A burdened man feels the wrath of a vengeful God after he and his wife are visited by a mysterious stranger.
It’s easy for me to start with Bergman’s Seventh Seal because of its odes to heaven and hell and life and death and the beyond. But Bergman’s influence on me as an artist and human being is so markedly burned into my foundations that it’s hard to say I directly thought about any of his films while making The Righteous. His work for me is almost like how you know your own phone number or the name of your first grade teacher. It’s just something that’ll always be there. So let’s just say Bergman’s work is an unavoidable and inescapable part of my DNA. Moving on!
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Sexy Beast (2002) - I love films where one character is bullying another into doing something they’re morally conflicted to do. This is a very simple film. It’s a gnawing and pestering film. But it’s a joy to watch! You know at some point Ray Winstone is going to give in to Ben Kingsley. And yet, you can’t turn away. Partly because of the performances and Jonathan Glazer’s incredible pace and style. But mostly, I think we’re still hooked because it’s a simple scenario that we all can relate to, but with giant stakes.
Cache (2005) - This movie gets in your bones and stays there. The last shot of The Righteous is something that I hope will keep the viewer thinking about. What Haneke does in this film’s last shot is unlike any I’ve ever seen. He forces you to rewind and try and unravel what everything means, while at the same time giving you the comfort of a viewer trusting that the storyteller knows exactly what it all means. It’s a puzzle and just slight enough to make you have to take in every aspect of every frame to try and unravel the mystery. Outside of this and Lynch’s Mulholland Drive, no other film has cast such a spell on me.
The Passion of Joan of Arc (1928) - Even if Dreyer could’ve made this film with sound, it wouldn’t have been as impactful. Everything in this film is said with faces. I based a lot of my character in The Righteous on Maria Falconetti’s Joan of Arc - a pale, white face, one that stands out in the crowd, of either complete enlightenment or complete deception. She is the pure subject of the film in many ways, much like Aaron is in my film. They are on display for everyone to judge. The incredible emotion of Falconetti inspired me to make my antagonist both sympathetic and tortured.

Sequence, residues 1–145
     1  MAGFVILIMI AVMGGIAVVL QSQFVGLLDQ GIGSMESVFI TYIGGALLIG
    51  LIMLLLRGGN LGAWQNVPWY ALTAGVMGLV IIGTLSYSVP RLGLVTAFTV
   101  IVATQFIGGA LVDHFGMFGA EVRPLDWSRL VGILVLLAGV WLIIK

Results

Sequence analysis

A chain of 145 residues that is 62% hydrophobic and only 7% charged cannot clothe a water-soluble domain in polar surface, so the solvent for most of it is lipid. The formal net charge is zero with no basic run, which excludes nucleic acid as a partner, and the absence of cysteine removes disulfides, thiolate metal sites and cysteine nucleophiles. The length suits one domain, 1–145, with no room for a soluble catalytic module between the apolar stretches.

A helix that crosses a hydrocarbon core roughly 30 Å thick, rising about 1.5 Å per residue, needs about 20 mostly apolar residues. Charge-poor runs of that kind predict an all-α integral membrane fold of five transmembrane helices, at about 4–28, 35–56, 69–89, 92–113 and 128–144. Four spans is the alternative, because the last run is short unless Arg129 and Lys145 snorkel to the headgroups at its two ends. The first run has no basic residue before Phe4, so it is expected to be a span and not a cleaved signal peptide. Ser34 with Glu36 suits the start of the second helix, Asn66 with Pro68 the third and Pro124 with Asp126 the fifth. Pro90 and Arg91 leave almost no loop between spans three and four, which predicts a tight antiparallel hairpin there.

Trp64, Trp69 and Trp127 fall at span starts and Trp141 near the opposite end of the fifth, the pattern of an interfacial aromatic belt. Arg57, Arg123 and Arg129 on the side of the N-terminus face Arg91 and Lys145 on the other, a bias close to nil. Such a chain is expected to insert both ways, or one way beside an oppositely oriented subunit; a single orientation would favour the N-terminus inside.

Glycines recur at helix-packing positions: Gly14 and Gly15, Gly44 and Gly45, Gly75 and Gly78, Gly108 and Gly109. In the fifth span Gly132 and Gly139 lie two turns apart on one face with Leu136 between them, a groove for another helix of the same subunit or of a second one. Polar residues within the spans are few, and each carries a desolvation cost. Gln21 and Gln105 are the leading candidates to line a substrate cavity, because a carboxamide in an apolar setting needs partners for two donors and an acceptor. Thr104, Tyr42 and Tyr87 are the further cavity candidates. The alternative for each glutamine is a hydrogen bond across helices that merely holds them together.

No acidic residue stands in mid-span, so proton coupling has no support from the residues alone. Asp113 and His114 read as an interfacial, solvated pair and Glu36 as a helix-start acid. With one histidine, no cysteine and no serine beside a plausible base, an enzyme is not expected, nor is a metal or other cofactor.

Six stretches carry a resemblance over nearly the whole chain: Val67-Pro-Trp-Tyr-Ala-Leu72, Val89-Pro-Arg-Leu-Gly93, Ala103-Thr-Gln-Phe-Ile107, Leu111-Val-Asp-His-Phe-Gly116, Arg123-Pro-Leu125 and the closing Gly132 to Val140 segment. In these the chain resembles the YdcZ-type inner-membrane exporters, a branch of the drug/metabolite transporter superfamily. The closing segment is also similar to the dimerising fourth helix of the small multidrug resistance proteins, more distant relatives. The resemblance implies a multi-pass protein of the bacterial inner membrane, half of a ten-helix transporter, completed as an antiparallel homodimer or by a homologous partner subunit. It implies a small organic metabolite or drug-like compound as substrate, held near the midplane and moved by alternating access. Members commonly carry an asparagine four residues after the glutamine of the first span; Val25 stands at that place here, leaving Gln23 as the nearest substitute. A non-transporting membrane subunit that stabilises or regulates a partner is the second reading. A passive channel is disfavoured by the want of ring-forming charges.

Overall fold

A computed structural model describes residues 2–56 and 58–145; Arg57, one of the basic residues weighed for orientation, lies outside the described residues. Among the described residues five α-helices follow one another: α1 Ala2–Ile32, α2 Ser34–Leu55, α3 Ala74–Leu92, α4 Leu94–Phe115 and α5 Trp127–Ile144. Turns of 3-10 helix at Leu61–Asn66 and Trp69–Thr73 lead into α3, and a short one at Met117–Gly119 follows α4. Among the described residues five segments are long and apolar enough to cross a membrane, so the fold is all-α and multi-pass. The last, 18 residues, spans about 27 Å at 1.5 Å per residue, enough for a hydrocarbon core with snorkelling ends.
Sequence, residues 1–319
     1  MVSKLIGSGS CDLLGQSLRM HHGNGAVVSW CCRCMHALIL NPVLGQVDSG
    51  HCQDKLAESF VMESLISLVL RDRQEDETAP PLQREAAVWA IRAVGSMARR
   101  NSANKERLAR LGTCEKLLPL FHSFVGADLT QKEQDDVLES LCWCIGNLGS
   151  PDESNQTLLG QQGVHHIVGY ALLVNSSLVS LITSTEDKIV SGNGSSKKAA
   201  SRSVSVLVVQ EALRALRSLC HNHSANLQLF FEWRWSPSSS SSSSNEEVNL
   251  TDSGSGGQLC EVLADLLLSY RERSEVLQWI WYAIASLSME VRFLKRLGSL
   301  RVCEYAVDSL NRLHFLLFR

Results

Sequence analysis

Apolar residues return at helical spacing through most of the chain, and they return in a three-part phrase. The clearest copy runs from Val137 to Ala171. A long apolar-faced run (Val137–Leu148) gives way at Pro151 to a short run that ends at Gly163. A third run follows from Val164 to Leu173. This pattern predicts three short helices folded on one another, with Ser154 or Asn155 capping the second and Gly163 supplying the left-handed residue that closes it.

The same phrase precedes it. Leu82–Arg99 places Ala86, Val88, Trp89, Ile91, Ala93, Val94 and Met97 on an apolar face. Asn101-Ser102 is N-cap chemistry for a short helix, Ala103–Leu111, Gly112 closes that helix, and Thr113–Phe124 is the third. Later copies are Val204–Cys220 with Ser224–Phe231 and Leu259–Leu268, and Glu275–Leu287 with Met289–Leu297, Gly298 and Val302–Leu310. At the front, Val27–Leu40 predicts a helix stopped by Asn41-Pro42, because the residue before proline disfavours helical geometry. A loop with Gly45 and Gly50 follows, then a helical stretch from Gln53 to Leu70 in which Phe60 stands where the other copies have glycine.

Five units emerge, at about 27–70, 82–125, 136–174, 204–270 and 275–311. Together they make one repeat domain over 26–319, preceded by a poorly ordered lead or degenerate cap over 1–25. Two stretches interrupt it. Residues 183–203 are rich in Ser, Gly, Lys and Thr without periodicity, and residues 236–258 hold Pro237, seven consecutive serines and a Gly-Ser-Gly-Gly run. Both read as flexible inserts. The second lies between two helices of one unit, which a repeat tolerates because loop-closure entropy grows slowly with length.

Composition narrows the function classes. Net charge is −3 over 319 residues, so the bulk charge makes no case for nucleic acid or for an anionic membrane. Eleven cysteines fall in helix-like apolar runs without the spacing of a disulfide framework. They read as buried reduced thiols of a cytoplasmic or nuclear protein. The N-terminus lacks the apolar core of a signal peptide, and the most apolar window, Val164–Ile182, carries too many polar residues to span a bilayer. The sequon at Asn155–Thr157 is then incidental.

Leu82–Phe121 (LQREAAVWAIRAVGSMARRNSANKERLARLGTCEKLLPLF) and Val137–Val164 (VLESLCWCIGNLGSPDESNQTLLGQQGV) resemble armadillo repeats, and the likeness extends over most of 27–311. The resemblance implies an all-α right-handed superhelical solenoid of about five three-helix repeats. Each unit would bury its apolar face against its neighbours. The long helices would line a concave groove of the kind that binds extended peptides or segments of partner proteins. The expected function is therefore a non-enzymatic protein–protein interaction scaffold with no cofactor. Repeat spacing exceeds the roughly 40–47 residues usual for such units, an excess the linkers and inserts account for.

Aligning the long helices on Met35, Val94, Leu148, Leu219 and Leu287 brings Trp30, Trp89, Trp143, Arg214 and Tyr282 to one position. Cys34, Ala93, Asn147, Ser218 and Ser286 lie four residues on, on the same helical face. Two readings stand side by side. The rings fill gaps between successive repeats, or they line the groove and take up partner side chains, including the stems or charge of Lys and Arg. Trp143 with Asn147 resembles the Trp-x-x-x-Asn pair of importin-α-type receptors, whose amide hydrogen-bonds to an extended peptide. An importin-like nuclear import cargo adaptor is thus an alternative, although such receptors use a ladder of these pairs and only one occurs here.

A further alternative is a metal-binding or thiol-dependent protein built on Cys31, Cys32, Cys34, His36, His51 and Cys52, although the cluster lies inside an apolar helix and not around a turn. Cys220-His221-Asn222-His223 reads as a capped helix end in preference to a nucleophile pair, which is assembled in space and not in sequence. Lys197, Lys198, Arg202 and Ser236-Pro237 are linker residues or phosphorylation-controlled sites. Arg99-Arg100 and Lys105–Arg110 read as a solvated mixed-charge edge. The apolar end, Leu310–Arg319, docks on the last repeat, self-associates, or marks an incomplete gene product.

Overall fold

Bram Stoker’s Dracula (1992) - A grossly under appreciated film in my opinion. Again, an evil antagonist with an absolutely heartbreaking past. Coppola considers Dracula’s torment and plight, and still manages to create a massive piece of pure entertainment. This is the meeting of high art and commerce. As much as I knew my film was very much on the “artsy” side of things, I always wanted to keep it exciting and thrilling. Coppola achieves this with a melodramatic, operatic piece with once again, stakes of the grandest order. There is no subtlety here, and thank God for that.
The Night of the Hunter (1955) - Charles Laughton’s masterpiece is a nightmare on film. Every scene in this film rides the fine line between realism and fantasy. It’s filmed and told like a cautionary tale, something that doesn’t actually exist except for when you close your eyes at night, where it’s more real than waking life. That’s what I wanted to achieve with my film. How much of the film is real? Or Frederic’s worst nightmare? It’s up to the viewer to decide, but in the end it doesn’t really matter because when you’re asleep, you believe in the realism of every moment of your nightmare. What if your waking life contained that same dread?
Enemy (2014) - A film told from the protagonist’s subconsciousness. It’s a murky place down there, where all that guilt, sorrow and regret lives. The Righteous is about what lurks beneath the surface, but more specifically what lurks beneath Frederic’s surface. Our subconsciousness determines how we live our lives, but terrifyingly, we’re not even aware of it because it’s not on the surface of our minds. The dread Villeneuve creates in this film and the toying with his protagonist directly influenced the pulsing threat of Frederic’s destiny, determined by his own past misdeeds.
Mark O'Brien is an award-winning actor/filmmaker. His feature directorial debut, THE RIGHTEOUS, which he also wrote and starred in opposite Henry Czerny (MISSION:IMPOSSIBLE), premiered at the 2021 Fantasia Film Festival, where it took home Best Screenplay. It then went on to win Best Screenplay at Grimmfest in England, as well as Best Cinematography. Mark was also nominated for Best Director of a Feature Film by the Directors Guild of Canada. The film garnered rave reviews from around the globe, with Nick Allen of RogertEbert.com claiming the film “displays an ambitious leader of performances and someone with ideas that continue the conversations from Bergman’s best.” The film had its US premiere at the 2022 Santa Barbara Film Festival.
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